Isn’t our Japanese maple putting on a lovely show this year? Another sign that our trees think we are living in Canada and that it is going to be VERY cold this year

Anyhoo…I vacuum and I tidy and I clean once a week in earnest. Most other days I give a few rudimentary sweeps to stop Earls rapidly shed hair from accumulating too much and forming into a small rodent that might or might not predate my stocks of seed in my pantry but on Saturday I get stuck in and put the boot into the dirt population on Serendipity Farm. I have to lock the doors as Earl hates the vacuum cleaner and tries to kill it if given the chance…only when it is actually on and only when the vacuum cleaner head is off and he can grab the hose and bite it. A specific vacuum cleaner serial killer is our Earl…I have to lure him (cleverly) from room to room and then shut doors and make sure he can’t get in. Earl is clever; he can push doors open with his paws and his nose so we have little latches everywhere so that we can vacuum in peace rather than pieces.


Steve took this awesome motion blur shot with his new camera and without the aid of a tripod…apparently it’s VERY hard to take a shot like this without a tripod but when you forgot it, and you are 50km away from home, you do what you have to do 😉


Steve took this lovely autumnal shot when we were in Beauty Point taking some photos for our final Digital Imaging assessment earlier in the week and walking the dogs at the same time. I think it goes to show just how pretty the area that we live in actually is. Tassie…you might be broke, but you are easy on the eye! 😉

If I had the equivalent of hurricane Katrina hit me where it hurts and remove my house and my possessions I would head off to someplace where there were NO hurricanes, no cyclones, no earthquakes, no anything really…the Ozarks perchance…I would head for the hills and I wouldn’t come back because I have a rudimentary brain stem and I can learn things and “FOOL ME ONCE NATURE!”. Apparently spiders are either missing that rudimentary brain stem that allows them a degree of memory and thus choice, or they really ARE lazy buggers from another life who just wait for me to finish and start spinning again…”whew Bruce…that was a close one wasn’t it? She got pretty close to me today…I saw you standing up to her…you’re a HERO mate! Remind me to shout you a fly next time I catch one…” and the cycle goes on…suck down their empire on Saturday and by Sunday they are working on a new one


Steve put my new craypot (from the progressive garage sale) on the deck rail. We are still waiting for crayfish…none yet…

Steve is digging holes for Queen and country. He needs to dig 8 holes today and has been dreading it for weeks. Hopefully someone up there takes pity on him and makes the soil where he chooses to dig nice and soft and rock free and he returns at lunch time in triumph with his spade over his shoulder feeling pretty good about himself. The sad truth is that he is likely to be still working on hole 4 at 5.30pm when the sun is almost gone and his back and spirit are almost broken. I, in return for him kindly not expecting me to help him dig holes, am doing all the cleaning myself. I am baking him biscuits (cookies to you Americans), I am keeping the fire going and I am going to make him his new favourite Stromboli for his dinner tonight. I have just taken a brief hiatus to type out this final paragraph here because I formulated the second half of this post while I was vacuuming around spiders…it’s a funny world isn’t it folks! Have a great rest of your week and remember, if you suddenly find yourself waking up after being unexpectedly hit by a bus and you didn’t really do very much wrong in your life but you weren’t a shining example of humanity either, you might just find yourself a spider on the wall on Serendipity Farm ;)…I guess there are worse things to be…aren’t there Jason! 😉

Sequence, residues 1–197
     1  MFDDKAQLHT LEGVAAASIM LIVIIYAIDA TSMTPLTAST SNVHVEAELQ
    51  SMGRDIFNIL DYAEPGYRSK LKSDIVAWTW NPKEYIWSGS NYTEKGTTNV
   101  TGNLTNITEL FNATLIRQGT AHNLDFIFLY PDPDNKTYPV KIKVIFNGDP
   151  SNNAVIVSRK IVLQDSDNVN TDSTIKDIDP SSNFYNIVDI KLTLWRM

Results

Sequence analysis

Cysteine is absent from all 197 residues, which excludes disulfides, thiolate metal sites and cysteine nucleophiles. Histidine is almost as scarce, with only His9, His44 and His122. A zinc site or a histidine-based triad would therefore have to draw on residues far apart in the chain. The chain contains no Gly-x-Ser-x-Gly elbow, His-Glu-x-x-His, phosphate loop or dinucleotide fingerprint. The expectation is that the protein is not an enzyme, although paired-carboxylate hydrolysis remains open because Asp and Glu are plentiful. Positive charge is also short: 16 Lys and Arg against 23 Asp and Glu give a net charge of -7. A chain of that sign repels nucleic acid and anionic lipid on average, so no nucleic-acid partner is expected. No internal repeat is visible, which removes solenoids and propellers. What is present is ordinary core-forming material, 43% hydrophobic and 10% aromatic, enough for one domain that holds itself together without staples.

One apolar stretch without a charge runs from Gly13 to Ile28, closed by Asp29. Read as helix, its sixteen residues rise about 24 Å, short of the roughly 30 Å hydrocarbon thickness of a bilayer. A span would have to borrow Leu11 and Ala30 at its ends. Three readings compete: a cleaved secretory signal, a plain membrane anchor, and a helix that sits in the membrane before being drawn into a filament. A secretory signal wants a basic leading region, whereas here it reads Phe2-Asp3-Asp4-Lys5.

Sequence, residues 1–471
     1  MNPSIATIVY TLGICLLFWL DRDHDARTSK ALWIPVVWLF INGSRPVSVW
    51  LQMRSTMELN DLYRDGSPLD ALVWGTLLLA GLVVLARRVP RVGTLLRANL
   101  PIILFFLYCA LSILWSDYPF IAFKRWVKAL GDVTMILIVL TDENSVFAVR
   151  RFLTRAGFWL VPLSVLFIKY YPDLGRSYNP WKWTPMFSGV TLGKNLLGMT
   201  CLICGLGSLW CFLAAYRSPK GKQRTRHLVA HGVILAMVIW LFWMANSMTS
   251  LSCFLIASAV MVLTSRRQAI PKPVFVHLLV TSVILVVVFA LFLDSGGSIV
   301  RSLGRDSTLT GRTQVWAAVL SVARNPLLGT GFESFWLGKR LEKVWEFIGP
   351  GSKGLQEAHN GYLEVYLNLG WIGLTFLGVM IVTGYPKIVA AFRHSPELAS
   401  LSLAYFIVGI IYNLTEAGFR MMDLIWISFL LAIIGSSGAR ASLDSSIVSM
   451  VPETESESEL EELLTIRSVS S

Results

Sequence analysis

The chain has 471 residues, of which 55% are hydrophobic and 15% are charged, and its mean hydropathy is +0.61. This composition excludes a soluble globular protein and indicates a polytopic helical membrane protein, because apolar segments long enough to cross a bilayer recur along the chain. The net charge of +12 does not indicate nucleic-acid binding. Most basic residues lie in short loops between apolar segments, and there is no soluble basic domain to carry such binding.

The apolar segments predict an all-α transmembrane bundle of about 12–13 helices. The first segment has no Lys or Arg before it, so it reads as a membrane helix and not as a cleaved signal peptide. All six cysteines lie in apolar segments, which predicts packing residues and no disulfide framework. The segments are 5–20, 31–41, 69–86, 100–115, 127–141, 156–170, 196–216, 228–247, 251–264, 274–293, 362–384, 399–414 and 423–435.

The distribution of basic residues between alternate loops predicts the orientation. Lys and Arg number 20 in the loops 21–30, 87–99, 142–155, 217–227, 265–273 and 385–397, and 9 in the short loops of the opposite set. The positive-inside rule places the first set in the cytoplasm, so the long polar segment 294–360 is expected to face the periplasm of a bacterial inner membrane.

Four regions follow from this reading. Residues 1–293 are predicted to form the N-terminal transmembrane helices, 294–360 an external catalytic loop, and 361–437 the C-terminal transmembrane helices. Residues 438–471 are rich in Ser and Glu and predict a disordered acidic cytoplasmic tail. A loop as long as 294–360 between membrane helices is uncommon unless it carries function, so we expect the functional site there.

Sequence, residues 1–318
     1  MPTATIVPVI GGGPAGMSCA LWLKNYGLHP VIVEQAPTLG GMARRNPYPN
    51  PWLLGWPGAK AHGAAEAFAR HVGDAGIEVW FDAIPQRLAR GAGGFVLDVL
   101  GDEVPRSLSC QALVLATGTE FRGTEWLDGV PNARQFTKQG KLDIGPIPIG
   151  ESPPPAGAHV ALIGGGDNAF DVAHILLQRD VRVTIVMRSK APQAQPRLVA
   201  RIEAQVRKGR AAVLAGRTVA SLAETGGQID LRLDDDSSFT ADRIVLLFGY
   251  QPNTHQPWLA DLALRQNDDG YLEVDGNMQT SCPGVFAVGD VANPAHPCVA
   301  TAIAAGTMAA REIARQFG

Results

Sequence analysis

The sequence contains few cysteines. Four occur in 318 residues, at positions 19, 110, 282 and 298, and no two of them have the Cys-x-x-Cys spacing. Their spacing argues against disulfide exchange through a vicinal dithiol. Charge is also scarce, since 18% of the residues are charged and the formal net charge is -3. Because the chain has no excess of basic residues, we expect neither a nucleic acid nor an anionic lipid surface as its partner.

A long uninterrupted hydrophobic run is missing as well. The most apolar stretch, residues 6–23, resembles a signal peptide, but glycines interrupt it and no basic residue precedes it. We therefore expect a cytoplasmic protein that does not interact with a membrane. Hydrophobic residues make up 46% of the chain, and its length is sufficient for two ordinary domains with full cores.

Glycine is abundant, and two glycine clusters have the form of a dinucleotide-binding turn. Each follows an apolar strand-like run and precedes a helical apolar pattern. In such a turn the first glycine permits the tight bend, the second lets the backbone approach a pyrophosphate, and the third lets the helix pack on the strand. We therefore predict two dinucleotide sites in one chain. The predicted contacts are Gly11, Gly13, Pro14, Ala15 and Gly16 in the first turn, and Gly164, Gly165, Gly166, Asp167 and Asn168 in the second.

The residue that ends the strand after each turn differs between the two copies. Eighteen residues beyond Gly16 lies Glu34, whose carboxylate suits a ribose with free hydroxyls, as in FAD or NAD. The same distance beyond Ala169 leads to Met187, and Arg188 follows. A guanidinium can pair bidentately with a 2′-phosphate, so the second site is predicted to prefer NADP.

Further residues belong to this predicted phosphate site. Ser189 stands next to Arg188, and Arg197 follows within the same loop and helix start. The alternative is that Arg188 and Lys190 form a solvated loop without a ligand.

The last of the liquidambar leaves just about to head south for the winter…

28 Comments (+add yours?)

  1. brymnsons
    May 22, 2013 @ 18:41:40

    You had me laughing my head off today Fran. Thanks for that, a good laugh is great medicine. I can’t get Jason out of my head in a thong!!! Thank you for the cement in the driveway too 🙂 x. That buckwheat sounds interesting. I might have to try some when I’m over. I love oats too, and have discovered that maple syrup in them with banana is quite yum. I absolutely know what you mean about cockroaches! It is something that Bruce has to rescue me from as I feel sick in the stomach just looking at them without having to deal with them too. Loved the photos, Steve has a real eye for photography. I checked out his assignment and it looks pretty good to me, I hope your lecturer thinks so too. The Japanese maple is so pretty, I guess it will be bare by the time I see it. It is very cold here in the morning, nice sunny days then freezing nights, so I am being acclimatized for when I hit Tassie lol. Take care x


  2. brymnsons
    May 22, 2013 @ 18:44:50

    P.S Just saw your assignment and love it too! Especially the bottles x


  3. Chica Andaluza
    May 22, 2013 @ 18:55:27